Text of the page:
By this time the Burmese National Army under Aung San had switched sides to become the Burma Patriotic Army, and started to hunt and destroy Japanese patrols and also the foraging parties which were now essential to the effort of the remnants of Kimura’s Burma Area Army to survive in a situation in which Allied warplanes and warships dominated the air over and sea round Burma prevented the arrival of all but the most limited quantities of ammunition, fuel, food and medicine.
During April, Lieutenant General Sir Frank Messervy’s Indian IV Corps advanced 300 miles (480 km) from central Burma down the valley of the Sittang river. Japanese rearguards prevented them advancing all the way to Rangoon, the capital and main port of Burma, but on 2 May Rangoon fell to the ‘Dracula’ amphibious assault. On 6 May, the leading elements of Major General D. T. Cowan’s Indian 17th Division, which was spearheading the advance of the Indian IV Corps, linked with the troops who had carried out ‘Dracula’ at Hlegu, some 28 miles (45 km) to the north-east of Rangoon.
After the fall of Rangoon, the headquarters of the 14th Army moved to Ceylon to embark on the detailed planning of its planned recapture of Malaya and Singapore. For further operations in Burma, a new 12th Army headquarters was created, under the command of Lieutenant General Sir Montagu Stopford, out of the headquarters of what had been Stopford’s own XXXIII Corps. The 12th Army then assumed command over the Indian IV Corps in the Sittang river valley and directly commanded some divisions in the Irrawaddy river valley.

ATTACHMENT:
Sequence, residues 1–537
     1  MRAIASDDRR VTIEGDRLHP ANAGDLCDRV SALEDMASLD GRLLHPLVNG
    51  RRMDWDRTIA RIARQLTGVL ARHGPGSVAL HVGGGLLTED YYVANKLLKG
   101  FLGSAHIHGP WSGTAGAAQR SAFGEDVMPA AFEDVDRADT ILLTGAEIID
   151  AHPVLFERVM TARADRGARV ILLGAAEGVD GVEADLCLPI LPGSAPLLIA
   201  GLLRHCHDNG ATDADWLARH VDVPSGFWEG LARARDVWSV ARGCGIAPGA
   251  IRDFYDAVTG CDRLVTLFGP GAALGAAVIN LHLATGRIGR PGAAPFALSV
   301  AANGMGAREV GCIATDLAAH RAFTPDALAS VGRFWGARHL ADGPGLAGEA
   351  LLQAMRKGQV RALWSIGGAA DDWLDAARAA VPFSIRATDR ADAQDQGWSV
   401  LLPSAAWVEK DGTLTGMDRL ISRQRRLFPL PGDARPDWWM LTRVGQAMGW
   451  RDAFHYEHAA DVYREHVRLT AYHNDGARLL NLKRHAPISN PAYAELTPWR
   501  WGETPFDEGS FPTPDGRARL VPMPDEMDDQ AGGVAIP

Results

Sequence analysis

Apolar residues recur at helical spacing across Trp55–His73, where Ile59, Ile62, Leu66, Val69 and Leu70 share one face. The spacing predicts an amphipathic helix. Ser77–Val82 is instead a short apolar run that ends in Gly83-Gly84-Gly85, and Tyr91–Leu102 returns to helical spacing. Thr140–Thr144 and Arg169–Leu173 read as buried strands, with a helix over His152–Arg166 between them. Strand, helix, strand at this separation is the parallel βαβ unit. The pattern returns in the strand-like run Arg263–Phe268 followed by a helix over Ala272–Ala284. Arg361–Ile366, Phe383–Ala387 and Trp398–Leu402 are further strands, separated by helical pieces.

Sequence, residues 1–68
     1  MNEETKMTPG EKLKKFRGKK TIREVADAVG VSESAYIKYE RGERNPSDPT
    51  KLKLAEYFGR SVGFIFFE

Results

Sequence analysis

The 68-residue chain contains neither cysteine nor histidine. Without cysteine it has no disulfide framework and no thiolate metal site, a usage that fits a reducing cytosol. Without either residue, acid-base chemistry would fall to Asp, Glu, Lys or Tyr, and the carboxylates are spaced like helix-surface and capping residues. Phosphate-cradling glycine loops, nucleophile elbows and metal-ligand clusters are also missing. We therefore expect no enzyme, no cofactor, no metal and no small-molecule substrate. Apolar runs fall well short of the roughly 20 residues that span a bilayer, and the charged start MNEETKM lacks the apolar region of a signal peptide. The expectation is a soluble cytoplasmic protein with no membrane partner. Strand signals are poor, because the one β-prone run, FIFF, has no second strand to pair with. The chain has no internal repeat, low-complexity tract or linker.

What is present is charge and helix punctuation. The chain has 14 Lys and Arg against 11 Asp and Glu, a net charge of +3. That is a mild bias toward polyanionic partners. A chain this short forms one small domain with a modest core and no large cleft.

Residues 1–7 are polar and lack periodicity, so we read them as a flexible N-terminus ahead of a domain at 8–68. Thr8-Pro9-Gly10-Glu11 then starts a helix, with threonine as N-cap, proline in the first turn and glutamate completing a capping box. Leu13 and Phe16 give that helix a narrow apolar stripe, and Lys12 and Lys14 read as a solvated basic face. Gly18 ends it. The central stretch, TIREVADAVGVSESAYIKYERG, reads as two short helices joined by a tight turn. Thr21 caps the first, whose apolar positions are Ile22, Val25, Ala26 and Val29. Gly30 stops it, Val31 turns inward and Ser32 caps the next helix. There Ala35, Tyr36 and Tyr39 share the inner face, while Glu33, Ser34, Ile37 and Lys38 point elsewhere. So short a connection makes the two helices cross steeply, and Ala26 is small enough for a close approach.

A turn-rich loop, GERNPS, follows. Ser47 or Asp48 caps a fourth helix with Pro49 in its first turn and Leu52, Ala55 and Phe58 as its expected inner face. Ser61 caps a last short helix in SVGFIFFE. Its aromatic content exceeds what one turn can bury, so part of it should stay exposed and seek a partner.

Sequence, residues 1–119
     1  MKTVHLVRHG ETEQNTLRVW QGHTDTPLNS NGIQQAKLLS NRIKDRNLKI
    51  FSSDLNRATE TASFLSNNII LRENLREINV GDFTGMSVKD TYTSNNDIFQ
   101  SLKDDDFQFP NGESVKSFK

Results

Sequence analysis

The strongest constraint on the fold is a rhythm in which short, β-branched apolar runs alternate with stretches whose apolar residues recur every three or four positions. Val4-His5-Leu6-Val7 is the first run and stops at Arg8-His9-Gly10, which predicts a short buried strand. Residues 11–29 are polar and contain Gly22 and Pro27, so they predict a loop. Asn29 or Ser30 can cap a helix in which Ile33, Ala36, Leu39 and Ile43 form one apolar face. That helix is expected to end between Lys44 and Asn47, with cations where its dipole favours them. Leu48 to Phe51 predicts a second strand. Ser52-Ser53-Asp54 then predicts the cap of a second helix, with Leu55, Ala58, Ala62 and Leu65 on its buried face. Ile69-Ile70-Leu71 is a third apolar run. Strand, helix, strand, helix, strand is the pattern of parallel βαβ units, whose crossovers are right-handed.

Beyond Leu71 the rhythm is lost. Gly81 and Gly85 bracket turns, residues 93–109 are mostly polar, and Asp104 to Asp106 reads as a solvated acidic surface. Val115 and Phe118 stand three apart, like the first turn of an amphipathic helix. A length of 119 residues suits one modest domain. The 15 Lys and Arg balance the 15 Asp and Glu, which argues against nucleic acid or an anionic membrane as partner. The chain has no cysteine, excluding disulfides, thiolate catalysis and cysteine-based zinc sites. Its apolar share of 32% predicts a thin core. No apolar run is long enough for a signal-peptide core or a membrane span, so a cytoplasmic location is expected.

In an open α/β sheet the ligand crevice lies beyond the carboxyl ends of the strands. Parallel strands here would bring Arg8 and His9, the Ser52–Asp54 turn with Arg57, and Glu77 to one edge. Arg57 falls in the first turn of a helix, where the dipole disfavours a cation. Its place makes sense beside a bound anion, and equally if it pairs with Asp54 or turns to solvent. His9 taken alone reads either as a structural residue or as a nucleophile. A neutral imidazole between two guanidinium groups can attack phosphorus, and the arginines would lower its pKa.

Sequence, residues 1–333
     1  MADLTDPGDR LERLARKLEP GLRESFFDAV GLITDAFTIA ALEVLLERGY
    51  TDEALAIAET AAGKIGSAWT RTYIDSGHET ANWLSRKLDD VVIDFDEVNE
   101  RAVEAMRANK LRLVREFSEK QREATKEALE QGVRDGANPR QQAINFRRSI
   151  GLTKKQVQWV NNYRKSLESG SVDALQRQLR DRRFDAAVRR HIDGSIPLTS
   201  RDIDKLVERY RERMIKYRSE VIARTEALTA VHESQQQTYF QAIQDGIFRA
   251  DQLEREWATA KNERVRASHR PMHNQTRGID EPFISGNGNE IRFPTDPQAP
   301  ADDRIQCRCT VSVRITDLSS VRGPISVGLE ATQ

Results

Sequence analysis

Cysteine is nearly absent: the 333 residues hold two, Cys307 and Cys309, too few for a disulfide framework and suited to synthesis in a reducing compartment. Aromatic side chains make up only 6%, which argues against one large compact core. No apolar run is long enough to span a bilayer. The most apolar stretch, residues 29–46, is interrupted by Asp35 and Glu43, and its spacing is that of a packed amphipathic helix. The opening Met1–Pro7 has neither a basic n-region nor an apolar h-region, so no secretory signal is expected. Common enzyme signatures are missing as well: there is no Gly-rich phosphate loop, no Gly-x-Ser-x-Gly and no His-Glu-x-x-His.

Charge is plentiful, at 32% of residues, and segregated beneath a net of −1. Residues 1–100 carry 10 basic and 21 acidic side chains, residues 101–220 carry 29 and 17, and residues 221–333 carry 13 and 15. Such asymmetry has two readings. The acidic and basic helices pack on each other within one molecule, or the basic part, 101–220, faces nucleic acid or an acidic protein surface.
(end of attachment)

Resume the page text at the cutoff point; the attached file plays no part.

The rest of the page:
After retreating from Arakan and across the Irrawaddy river valley, the 28th Army had reached the Pegu Yoma, a range of low mountains, hills and uplands between the Irrawaddy and Sittang river valleys in central Burma. Here they were joined by Major General Hideji Matsui’s 105th Independent Mixed Brigade, also known as ‘Kani’ Force and created from men of anti-aircraft batteries, airfield construction battalions, naval anchorage units, NCO schools and the like, which had unavailingly faced the Indian IV Corps.
The Japanese trapped in the Pegu Yoma then prepared a major break-out operation to rejoin the Burma Area Army and escape into Thailand with it. The Sittang river was unfordable, and therefore as significant a military barrier to the Japanese as it had been in 1942 to the retreating British forces during the first Burma campaign in 1942. Kimura ordered Honda’s 33rd Army to cover this break-out by a diversionary offensive across the lower reaches of the Sittang river. In support, Lieutenant General Shihachi Katamura’s 15th Army was instructed to co-ordinate its effort with that of the 28th Army if the operation was failing to meet its objective.